The lesson then states that there are many different kinds of poetry. Nursery rhymes are one kind. They tend to be shorter and simpler, while other poetry might be longer or more serious. Poetry can tell stories, be in honor of a specific person, or even express something about life! Poems are different from stories and other forms of writing. Stories have a beginning, middle, and end, and include characters (either real or imaginary) who experience a series of events. Stories can be entertaining or teach people a lesson. Poems, however, are typically shorter than stories or novels. They almost never have the beginning, middle, and end that stories do. Poems are also usually up to the interpretation of the reader.

Poetry is also a more creative kind of writing than other types. They often use many words or phrases that are meant to evoke your senses, and don’t always follow normal sentence structure or punctuation. They are often misunderstood for these reasons. Stories have titles, chapters, characters, and a plot. Poems also have common structural features. One of these features is sound. This could related to the rhyming words used in a poem. Another feature is form, which relates to numbers of lines and stanzas.

Parts of a Poem

The next section of the lesson describes the five things that most poems have. Not all poems have all of these things, but many do! All of these elements are important to consider when reading or writing poetry. The first is sound. Poems often rhyme, and there is a rhythm to the way the author writes the words. Also, poems can include different words that have the same sound. The second element is form. The form of a poem is how it looks, the way it’s written, and how the lines and stanzas written or grouped together.

The third element is imagery, which are words that the poet uses that relate to the five senses. Using imagery allows a reader to better visualize and understand what the author is trying to say. The next element is figurative language. This is when people use words or phrases in a new way. One example of figurative language is comparing a person to an animal. The final element is the speaker, which is essentially the narrator and is the “voice” in the poem. All of these elements are very important to keep in mind when reading or writing a poem.


The Introduction to Poetry – Grade 1 lesson plan includes three worksheets: an activity worksheet, a practice worksheet, and a homework assignment. You can refer to the guide on the classroom procedure page to determine when to hand out each worksheet.


For the activity worksheet, students will cut out phrases that might appear in poems. They must then glue them under the correct sense. They will also include drawings or pictures for each phrase.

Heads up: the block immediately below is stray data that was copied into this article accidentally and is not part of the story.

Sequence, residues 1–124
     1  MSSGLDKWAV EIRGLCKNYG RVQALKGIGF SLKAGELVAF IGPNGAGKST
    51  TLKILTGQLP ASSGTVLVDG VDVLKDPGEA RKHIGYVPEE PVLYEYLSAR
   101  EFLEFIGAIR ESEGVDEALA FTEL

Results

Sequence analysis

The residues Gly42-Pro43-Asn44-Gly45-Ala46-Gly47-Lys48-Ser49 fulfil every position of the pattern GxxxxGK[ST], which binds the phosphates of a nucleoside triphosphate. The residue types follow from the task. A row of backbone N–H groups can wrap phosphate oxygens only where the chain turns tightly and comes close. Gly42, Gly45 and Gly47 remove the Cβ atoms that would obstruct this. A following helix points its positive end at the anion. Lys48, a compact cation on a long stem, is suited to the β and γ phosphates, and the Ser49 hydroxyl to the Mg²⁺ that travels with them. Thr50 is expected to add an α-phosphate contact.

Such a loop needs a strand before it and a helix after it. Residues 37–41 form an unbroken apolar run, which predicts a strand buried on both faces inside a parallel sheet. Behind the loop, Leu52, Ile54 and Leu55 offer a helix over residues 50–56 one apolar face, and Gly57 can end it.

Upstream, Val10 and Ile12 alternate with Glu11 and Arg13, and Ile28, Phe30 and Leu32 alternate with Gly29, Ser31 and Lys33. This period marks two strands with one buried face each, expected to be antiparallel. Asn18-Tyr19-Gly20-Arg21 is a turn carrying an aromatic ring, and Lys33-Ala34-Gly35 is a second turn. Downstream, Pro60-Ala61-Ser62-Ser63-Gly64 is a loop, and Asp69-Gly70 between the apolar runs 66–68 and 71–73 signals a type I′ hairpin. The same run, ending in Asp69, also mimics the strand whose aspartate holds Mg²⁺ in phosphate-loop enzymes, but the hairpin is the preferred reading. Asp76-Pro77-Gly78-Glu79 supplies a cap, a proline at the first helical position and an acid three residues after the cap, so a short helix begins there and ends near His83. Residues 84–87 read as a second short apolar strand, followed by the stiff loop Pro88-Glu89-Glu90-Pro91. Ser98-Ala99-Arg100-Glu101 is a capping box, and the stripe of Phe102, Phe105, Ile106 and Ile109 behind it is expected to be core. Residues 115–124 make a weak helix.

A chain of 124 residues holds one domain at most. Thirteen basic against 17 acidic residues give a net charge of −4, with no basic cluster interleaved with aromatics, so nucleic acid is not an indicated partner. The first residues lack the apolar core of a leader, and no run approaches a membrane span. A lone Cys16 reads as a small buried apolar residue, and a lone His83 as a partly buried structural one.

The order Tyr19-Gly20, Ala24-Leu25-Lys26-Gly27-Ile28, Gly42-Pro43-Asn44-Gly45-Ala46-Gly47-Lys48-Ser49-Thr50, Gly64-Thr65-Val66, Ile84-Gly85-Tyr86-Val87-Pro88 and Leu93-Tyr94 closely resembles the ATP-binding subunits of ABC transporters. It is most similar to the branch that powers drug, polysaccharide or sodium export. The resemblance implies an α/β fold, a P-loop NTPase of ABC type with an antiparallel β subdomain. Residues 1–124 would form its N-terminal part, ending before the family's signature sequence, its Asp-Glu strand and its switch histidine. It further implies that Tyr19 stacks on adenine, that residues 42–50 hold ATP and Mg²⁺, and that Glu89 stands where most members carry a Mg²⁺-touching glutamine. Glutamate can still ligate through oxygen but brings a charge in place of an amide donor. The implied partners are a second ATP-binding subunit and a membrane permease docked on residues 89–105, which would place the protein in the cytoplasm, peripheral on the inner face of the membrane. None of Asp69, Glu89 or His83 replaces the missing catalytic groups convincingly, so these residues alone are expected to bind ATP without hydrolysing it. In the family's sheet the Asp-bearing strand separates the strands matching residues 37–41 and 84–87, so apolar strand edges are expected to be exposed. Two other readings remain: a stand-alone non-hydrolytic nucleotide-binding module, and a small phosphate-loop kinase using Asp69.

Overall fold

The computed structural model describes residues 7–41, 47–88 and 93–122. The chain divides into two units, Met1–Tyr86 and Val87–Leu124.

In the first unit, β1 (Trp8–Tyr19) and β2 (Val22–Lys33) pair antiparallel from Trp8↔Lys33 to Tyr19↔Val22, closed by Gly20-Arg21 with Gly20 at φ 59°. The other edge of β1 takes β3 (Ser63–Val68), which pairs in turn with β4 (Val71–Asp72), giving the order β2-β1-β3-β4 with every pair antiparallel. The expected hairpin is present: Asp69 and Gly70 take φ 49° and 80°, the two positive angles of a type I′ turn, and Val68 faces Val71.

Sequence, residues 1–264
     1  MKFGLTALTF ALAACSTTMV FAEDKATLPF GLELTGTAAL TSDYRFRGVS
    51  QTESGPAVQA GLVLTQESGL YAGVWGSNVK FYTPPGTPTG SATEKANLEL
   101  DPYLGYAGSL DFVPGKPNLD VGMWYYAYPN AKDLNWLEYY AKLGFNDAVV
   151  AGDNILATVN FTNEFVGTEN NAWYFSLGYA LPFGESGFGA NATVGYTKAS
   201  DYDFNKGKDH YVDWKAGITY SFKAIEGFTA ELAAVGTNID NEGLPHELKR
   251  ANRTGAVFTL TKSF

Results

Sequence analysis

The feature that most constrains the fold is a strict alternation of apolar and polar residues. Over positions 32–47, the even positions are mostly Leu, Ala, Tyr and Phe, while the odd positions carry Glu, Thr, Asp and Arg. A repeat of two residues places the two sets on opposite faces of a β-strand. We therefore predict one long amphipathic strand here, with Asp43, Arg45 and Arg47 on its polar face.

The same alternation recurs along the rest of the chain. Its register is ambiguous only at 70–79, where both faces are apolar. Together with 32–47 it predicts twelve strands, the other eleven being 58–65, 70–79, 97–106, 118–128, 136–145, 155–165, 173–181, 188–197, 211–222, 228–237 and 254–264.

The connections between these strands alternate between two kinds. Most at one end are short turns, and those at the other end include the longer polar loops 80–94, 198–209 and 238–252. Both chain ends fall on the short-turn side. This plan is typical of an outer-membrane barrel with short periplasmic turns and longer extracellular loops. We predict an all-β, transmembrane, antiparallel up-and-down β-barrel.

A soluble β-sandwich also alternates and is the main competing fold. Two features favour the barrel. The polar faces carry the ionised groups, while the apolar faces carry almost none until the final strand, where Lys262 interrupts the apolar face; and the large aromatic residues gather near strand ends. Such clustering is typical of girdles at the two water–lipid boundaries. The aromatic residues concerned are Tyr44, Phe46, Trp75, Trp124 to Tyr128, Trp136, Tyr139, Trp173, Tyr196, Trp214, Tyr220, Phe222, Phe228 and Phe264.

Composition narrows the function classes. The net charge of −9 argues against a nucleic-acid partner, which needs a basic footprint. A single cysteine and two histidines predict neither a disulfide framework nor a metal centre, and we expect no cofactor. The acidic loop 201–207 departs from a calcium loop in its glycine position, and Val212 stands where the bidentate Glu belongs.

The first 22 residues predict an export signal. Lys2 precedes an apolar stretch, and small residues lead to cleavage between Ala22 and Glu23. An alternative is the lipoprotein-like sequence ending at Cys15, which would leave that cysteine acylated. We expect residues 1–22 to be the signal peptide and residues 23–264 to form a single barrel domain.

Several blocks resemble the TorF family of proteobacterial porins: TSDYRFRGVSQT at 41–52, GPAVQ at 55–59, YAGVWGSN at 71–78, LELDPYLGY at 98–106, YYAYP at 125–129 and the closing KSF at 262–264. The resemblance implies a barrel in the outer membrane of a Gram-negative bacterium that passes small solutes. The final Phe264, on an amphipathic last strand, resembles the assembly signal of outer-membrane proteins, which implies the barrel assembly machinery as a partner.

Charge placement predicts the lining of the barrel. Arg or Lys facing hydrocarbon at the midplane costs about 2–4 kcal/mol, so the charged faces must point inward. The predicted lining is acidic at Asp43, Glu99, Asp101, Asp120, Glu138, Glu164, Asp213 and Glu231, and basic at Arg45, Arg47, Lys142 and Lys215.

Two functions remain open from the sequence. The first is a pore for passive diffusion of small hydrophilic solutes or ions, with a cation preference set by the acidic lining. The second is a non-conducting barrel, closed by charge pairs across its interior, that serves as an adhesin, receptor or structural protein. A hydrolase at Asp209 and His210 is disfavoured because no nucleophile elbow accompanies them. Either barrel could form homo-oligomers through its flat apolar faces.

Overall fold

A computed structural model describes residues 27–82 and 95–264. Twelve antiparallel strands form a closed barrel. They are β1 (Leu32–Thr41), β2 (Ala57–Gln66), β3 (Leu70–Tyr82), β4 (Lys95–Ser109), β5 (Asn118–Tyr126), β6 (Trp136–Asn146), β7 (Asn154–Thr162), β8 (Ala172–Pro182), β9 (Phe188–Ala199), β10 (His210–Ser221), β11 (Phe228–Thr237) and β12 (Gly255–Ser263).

Students may also work either in pairs or groups for the activity if you’d prefer.


The practice worksheets asks students to read two poems and answer questions about them. This allows students to practice doing close readings of poetry using what they learned during the lesson.


For the homework assignment, students will read an excerpt from a poem called Little Orphant Annie by James Whitcomb Riley. They must then answer questions about the poem, with help from a parent or other adult if necessary.

Worksheet Answer Keys

This lesson plan includes answer keys for the activity worksheet, the practice worksheet, and the homework assignment. If you choose to administer the lesson pages to your students via PDF, you will need to save a new file that omits these pages. Otherwise, you can simply print out the applicable pages and keep these as reference for yourself when grading assignments.

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Wonderful Lesson and Acitivities

I love the Poetry Lesson I utilized from Clarendon. It was truly helpful in assisting my instruction of poetry. Fantastic!

Introduction to Poetry

This lesson was very beneficial to my poetry class.

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Poetry Writing Lessons for Kids

Poetry Writing Lessons for Kids

There are many different ways to write poems as well as lots of techniques you can learn to help you improve your writing skill. Here are many of the poetry writing lessons for children that I have created to help you become a better poet, including how to write funny poetry, poetic rhythm, poetic forms and other styles of verse, as well as lesson plans for teachers and video lessons.

How to Write Funny Poetry

  • Chapter 1: Writing Poetry
  • Chapter 2: How to Rhyme
  • Chapter 3: Choosing a Topic
  • Chapter 4: Making it Funny
  • Chapter 5: Types of Funny Poems

Rhythm in Poetry

  • You Can Scan, Man
  • I Am the Iamb
  • Okie Dokie, Here’s the Trochee
  • More than Two Feet

Poetic Forms

A poetic “form” is a set of rules for writing a certain type of poem. These rules can include the number of lines or syllables the poem should have, the placement of rhymes, and so on. Here are lessons for writing several common poetic forms.

  • How to Write an Acrostic Poem
  • How to Create Book Spine Poetry
  • How to Write a Cinquain Poem
  • How to Write a Clerihew
  • How to Write a Concrete or “Shape” Poem
  • How to Write a Diamante Poem
  • How to Create a “Found Poem”